Izzet Pyromancer is the latest in a long line of Pioneer builds who revolve around the cantrip suite of four Opt and four Consider. These cards, like their forefathers in older formats, both smooth out draws and can be chained together to dig for exactly the necessary spell right when its needed. The cantrip suite really does make the deck, as they improve and enhance almost every other card in the list, from triggering the creatures’ abilities to filling up the graveyard for delving.
Speaking of which, the deck also relies on its equally important suite of cards meant to refill the hand. Treasure Cruise was to be expected here, as its been a mainstay in Pioneer spellslinger decks since day one. Most of us are aware of the power of drawing three cards for one mana, but for those that haven’t been afforded the luxury yet, the feeling is absolutely indescribable. Emulating the Cruise is a relative newcomer to the competitive scene in Of One Mind. This frequently-one-mana Divination, while not nearly as explosive singularly as the Cruise, works in conjunction with the rest of the engine pieces to make sure that the hand is always loaded up.
An important factor in the successful piloting of a tempo based strategy is the assurance that I have more resources than my opponent, and cards in hand is a big factor there. Having access to several different choices each turn helps to mitigate the compounding of mistakes by making it so that the correct answer can be played at the correct time more often, and being able to recast replacement threats when the ones in play are dispatched can often put more of a squeeze on the opponent’s resources than they’re able to handle. While all of these cards may look individually unappealing on their faces, their combined efforts create a scenario where the opposition is quickly overwhelmed by the amount of options that you have access to.
One of the biggest strengths to this deck at the moment is, as discussed up top, that a large number of the top decks in the format are spending their turns committing singular threats to the board and expecting them to stick around. The Pyromancer deck leans into that on two fronts, both with its removal package and with the go-wide plan. Being able to attack around a giant Cavalier of Thorns with an expendable army of Elemental tokens for several turns in a row is a plan of attack that a deck like Green Devotion just isn’t prepared for. That’s not to mention the deck’s multi-angled attack plan with its go-tall creatures as well, and how the difference between those two plans is frequently enough to divide the opponent’s resources so thinly that they find themselves wondering how they’re losing to a pile of uncommon cards.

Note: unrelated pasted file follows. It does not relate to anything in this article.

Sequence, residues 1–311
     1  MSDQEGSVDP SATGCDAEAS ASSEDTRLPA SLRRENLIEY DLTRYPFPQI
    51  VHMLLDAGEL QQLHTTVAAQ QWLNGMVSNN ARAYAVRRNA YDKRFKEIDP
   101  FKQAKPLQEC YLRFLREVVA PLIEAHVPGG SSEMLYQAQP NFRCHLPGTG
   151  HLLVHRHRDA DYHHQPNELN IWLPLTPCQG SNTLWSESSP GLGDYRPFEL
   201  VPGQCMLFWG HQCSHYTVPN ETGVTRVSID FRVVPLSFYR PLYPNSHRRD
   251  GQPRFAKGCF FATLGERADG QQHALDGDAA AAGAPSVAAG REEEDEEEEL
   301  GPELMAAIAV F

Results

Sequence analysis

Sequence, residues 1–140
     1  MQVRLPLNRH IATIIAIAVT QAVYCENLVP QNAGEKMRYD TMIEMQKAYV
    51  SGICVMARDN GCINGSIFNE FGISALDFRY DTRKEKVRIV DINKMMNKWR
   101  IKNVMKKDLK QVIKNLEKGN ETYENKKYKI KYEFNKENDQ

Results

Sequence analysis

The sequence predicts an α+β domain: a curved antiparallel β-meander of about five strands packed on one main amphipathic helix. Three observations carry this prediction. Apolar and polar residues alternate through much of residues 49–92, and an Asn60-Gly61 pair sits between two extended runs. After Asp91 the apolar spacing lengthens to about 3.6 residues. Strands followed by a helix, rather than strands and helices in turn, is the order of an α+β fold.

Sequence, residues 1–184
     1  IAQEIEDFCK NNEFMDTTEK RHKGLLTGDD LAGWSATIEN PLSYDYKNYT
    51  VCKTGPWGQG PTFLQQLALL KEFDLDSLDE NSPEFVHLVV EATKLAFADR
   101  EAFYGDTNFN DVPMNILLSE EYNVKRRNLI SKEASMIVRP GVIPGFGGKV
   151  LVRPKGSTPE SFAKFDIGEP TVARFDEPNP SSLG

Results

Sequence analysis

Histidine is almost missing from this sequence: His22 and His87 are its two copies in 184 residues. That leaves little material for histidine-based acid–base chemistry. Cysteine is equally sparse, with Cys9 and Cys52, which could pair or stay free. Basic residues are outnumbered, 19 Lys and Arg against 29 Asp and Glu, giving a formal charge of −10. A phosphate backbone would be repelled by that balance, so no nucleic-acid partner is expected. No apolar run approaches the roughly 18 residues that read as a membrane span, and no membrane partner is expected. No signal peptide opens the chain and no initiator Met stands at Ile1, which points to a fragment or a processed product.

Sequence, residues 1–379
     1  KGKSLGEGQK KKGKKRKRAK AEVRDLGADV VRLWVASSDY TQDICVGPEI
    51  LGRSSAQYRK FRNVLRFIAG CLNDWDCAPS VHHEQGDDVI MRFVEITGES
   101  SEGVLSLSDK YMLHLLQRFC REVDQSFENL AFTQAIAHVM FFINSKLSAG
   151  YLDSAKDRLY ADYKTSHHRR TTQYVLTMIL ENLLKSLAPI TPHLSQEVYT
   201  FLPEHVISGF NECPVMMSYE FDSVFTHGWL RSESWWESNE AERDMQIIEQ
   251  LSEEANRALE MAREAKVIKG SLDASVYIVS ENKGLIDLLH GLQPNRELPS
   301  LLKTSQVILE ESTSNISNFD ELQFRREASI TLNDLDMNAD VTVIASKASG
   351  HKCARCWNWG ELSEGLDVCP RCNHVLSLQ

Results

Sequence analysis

Needless to say, I am a huge fan of this strategy at the moment, as I feel like it brings the most efficient version of something to the table that no other deck in the format is currently bringing or is prepared for. While the deck certainly comes with its weaknesses, such as to spell-based strategies like Azorius Control, with how today’s metagame is shaping up, players certainly need to be prepared for the tempo decks to perform. The consistency in this deck is off the charts with how many cards it draws per game, and there is very little hate being played right now that causes the strategy to fold.
All in all, I think that this deck (the non-budget version specifically, though this budgeted list was also giving very promising results) is poised to take over the format if things continue as they have been.
Pioneer Izzet Pyromancer by debatebro
The major upgrades to this deck are easily the copies of Ledger Shredder, which meshes with the later game plan so well that it’s impossible to pass up on. While the creature suite in non-budgeted versions varies fairly widely, one constant is the inclusion of Ledger Shredder, as the card can singlehandedly take over games and refuel you from nothing by filtering your draws into exactly the cards that you need. Being a strong blocker and aerial threat in the later turns is also a huge boon.
Other notable pieces are the likes of Otawara, Soaring City and Hall of Storm Giants/Den of the Bugbear, which give the deck alternate options that help maximize mana efficiency while retaining some number of spells in hand to make the explosive turns that much more so. Lastly, some variants have been experimenting with the likes of Brazen Borrower, which I think is an excellent inclusion in this list for the same reason that Fading Hope is good. Ultimately, this archetype is extremely flexible right now, and can be adapted to form-fit your metagame, so experimentation and iteration are key.
That’s all for this one! It’s always a joy to get to experiment with things that are slightly outside of my typical wheelhouse, and every so often I just get in the mood to ruin someone’s day with a tempo shell like this. They are always mindbending in just the right ways, and a fun way to mix up ones approach to the format. Until next time, stay safe, play smart and thanks for reading.